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Poet and IU Professor of Creative Writing Cathy Bowman will be one of three readers at this year’s Blue Light Reading. Here she discusses the inspiration behind her Blue Light Workshop, “The Kitchen Session,” as well as her recent book Can I Finish Please? (Four Way Bookos 2016) and current creative projects.
CATHY BOWMAN is the author of several poetry collections, most recently Can I Finish Please? (Four Way Books in 2016.) Her writing has been awarded the Peregrine Smith Poetry Prize, the Kate Tufts Discovery Award for Poetry, a New York Foundation for the Arts Fellowship in Poetry, and four Yaddo Fellowships. She was the recipient of a faculty teaching award and the IU President’s Arts and Humanities Award. Her poems have appeared in many literary journals and anthologies, including Best American Poetry, Paris Review, TriQuarterly, and Kenyon Review.
Finding a diamond in the middle of a rough draft feels like a gift – until you start editing and realize that you have to cut it. We at Indiana Review want to find a home for all of your murdered darlings. Share the line of poetry that it killed you to delete for a chance to win an IR Prize Pack and one free entry to the 2017 Poetry Prize!
@IndianaReview: But her pawn, like she, had moved on/and he found himself staring/grandmastered again. #IRDarlings
@IndianaReview: Gold pressed in between a god’s thin fingers/bone-like, too warm, thick with saliva and greed. #IRDarlings
@IndianaReview: There is forever the pull of muscle/sparking young eyes and the confidence/to keep putting one foot in front of the other. #IRDarlings
Make sure to tag @IndianaReview and use the hashtag #IRDarlings when sharing your murdered darlings. While there will only be one winner, we will also be awarding several runner-ups IR Prize Packs.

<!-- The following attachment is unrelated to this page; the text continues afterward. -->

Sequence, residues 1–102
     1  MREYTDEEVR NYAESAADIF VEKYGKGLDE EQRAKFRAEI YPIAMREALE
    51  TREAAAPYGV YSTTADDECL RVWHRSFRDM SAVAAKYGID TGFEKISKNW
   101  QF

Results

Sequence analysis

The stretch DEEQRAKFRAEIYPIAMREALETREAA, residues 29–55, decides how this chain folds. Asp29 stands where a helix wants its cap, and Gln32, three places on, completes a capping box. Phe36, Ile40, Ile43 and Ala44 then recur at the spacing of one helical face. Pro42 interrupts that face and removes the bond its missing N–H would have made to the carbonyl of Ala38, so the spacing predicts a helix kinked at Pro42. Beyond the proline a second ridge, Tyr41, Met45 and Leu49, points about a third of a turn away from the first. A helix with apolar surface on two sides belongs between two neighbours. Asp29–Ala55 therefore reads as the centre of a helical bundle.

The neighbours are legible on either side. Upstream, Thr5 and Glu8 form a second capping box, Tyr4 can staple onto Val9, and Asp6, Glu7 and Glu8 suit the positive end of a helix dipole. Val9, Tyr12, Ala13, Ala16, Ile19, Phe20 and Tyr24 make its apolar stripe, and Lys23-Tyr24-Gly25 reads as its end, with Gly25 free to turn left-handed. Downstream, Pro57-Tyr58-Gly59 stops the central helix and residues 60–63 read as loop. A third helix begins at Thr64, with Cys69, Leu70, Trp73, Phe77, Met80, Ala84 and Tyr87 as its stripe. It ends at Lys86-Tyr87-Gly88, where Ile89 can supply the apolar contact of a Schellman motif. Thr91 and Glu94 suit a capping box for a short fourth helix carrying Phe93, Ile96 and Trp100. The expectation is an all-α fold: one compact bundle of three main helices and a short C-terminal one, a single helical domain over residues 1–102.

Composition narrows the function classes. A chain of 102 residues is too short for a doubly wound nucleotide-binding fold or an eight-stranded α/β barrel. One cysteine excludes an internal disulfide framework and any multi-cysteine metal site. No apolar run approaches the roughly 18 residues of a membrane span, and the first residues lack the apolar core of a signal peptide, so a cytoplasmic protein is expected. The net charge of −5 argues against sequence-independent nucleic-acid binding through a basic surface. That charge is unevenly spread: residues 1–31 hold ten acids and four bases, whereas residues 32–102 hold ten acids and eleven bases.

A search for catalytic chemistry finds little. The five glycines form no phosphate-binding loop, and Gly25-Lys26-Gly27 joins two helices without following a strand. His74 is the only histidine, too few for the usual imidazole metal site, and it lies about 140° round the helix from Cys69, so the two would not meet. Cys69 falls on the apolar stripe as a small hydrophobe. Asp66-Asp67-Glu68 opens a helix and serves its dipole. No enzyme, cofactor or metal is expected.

Follow us at @IndianaReview to see updates on this contest and more, and be sure to submit to the 2017 Poetry Prize! More information can be found on our website: https://indianareview.org/contests/
The deadline for the Twitter Contest is March 10th, 2017 at 12PM EST.
What My Last Man Did won the Indiana Review / IU Press 2016 Blue Light Books Prize and is forthcoming from IU Press in March 2017. Read excerpts from two of Andrea’s stories below, and pre-order your copy of What My Last Man Did today!
Andrea Lewis’s work has appeared in many literary journals, including Prairie Schooner, Cutthroat, Cold Mountain Review, and Catamaran Literary Reader. Three of her stories have been nominated for the Pushcart Prize. She is a founding member of Richard Hugo House, the place for writers in Seattle. She lives with her husband on Vashon Island, Washington. More of her work is available at www.andrealewis.org.
For thirty-nine years, Indiana Review has prided itself on publishing outstanding works by emerging and established artists within a wide aesthetic. From the traditional to the absurd, flash fiction to book reviews, prose poems to graphic narratives, the editorial staff has striven to bring readers pieces that exemplify the highest craft, the sharpest language, the most “carefully strange” worldview.
We would like to take a moment to reiterate a set of different, and no less important, standards. At Indiana Review, we…
- Believe, always, in the power of art to affirm life.
- Condemn spaces where creativity is corrupted in service of hatred and violence.
- Seek out works that defy stereotypes, build empathy, challenge oppression, and inspire political and personal self-awareness, while continuing to embody the highest principles of literary and artistic craft.
- Understand the ongoing sources of oppression both in the publishing world and the wider political landscape that seek to intimidate, brutalize, and silence the voices of women, LGBTQIA individuals, people of color, and other marginalized communities.
- Maintain our commitment to creating a space for marginalized artists to share their diverse experiences through the mediums of fiction, poetry, non-fiction, and visual art.
- Respect the experiences and opinions of those different from our own, without ever condoning perspectives that are racist, sexist, homophobic, or otherwise driven by hate.
- Endeavor to align ourselves with the publications, organizations, and individuals that are similarly committed to these goals, striving each day to create and disseminate art that is unapologetic in its quest for a more just world.
The Editors of Indiana Review